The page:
Jan 2, 2014; Newport Beach, CA, USA; General view of the Florida State Seminoles (right) and Auburn Tigers helmets at the 2014 BCS National Championship press conference at Newport Beach Marriott. Kirby Lee-USA TODAY Sports
NEWPORT BEACH, Calif. - If Florida State athletics director Stan Wilcox wants to track down any of his coaches during the next week, he might not have to look far.
FSU's entire baseball staff is making the trip to Pasadena for the BCS National Championship Game, golf coach Trey Jones is heading out on Friday, and coaches from several other sports will be making their way in the coming days.
The ones who can't make it? Rest assured they will be cheering from afar. Not just because they want to support their university and their friends on the football staff, but because the Seminoles' accomplishments on the gridiron can have a direct impact on the entire athletic program.
"If football has success, everybody is rewarded," FSU baseball coach Mike Martin Sr. said. "Everybody is excited, and we all want to be a part of it. It helps everybody. Does it help baseball? You're dadgum right it helps baseball."
Martin, who was a student-athlete at Florida State in the 1960s and has been FSU's head baseball coach since 1980, has seen first-hand the impact football success has on university enrollment, fundraising and recruiting.
"I've known who has pulled this train for all these years," Martin said with a laugh.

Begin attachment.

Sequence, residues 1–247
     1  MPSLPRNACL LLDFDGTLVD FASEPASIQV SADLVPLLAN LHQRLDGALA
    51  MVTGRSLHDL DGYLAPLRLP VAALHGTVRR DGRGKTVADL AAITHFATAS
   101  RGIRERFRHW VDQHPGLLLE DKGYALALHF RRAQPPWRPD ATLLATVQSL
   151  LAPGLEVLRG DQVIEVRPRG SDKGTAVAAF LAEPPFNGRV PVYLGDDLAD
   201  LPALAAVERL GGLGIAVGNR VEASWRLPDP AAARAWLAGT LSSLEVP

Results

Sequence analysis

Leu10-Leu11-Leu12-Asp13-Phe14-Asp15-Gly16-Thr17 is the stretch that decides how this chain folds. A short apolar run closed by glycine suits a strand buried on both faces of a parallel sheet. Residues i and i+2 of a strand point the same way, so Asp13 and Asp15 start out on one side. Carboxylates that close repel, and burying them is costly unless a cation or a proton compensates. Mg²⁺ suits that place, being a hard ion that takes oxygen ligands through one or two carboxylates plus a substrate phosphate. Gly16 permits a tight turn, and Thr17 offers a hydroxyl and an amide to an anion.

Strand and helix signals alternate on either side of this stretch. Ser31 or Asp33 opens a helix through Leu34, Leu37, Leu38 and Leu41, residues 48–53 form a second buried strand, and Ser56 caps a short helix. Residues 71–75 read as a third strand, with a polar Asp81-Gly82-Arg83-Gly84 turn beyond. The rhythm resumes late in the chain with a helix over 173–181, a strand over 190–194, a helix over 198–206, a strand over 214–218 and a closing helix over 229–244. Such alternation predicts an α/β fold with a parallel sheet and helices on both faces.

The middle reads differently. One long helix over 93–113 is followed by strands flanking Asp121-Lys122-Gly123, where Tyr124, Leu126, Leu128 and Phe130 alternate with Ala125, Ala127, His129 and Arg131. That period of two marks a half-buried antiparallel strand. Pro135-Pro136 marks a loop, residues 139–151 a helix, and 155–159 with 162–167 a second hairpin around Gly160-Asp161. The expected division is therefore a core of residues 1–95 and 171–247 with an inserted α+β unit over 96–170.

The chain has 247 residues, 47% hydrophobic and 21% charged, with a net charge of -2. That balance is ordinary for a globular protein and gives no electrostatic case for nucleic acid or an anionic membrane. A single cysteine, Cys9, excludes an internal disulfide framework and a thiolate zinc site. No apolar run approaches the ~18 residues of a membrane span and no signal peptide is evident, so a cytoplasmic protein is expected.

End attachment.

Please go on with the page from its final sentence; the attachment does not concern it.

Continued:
Jones, in his 11th season as the Seminoles' men's golf coach, said he and his fellow coaches have no problem acknowledging that a winning football program -- let alone one that will compete for a national championship on Monday -- can make life better for everyone in the department.
"You look at the Moore Athletics Center; that wasn't built because of the golf team," Jones said. "It helps every team in every way. ... And from a recruiting standpoint, if I go to a tournament and there's a player wearing a Florida State hat, there's a reason for that."
And that reason often is football.
Jones quickly recalled seeing a promising prospect at a youth tournament several years ago and noticing that the boy was wearing a Florida State cap. The young golfer was just 14 at the time, but it let Jones know that the Seminoles might have an edge. He ended up signing with the Seminoles.
It hasn't always been that way, of course.
FSU men's tennis coach Dwayne Hultquist, in his 15th season at FSU, said the recruiting road definitely got bumpier in the late 2000s, when the Seminoles' football program was hovering just above .500 while the rival Florida Gators were winning a pair of national championships.
"The years Tim Tebow was playing were hard for us in recruiting," Hultquist said. "But now, people are talking about Florida State. That's a good thing for us."
Hultquist won't be able to make the trip to the title game because his team opens practice this weekend, but he will be glued to the television Monday night. And he knows plenty of potential recruits -- in all sports -- will be as well.
"Right now, they're thinking Florida State," Hultquist said. "Because Florida State has the visibility, they're on TV, they're playing for the national championship. So it definitely helps on the recruiting side, and it also helps on the giving side because people are excited."
Without question, Seminole Boosters, the Alumni Association and the Foundation all will be working to tap into that excitement -- just like the university did after the Seminoles' brilliant football run from the late 1980s through 2000.
Those football victories helped pave the way to improved facilities across campus.
"It's the way it is in our business," Martin said. "People are proud to see the attention their school is getting, and they want to be a part of it."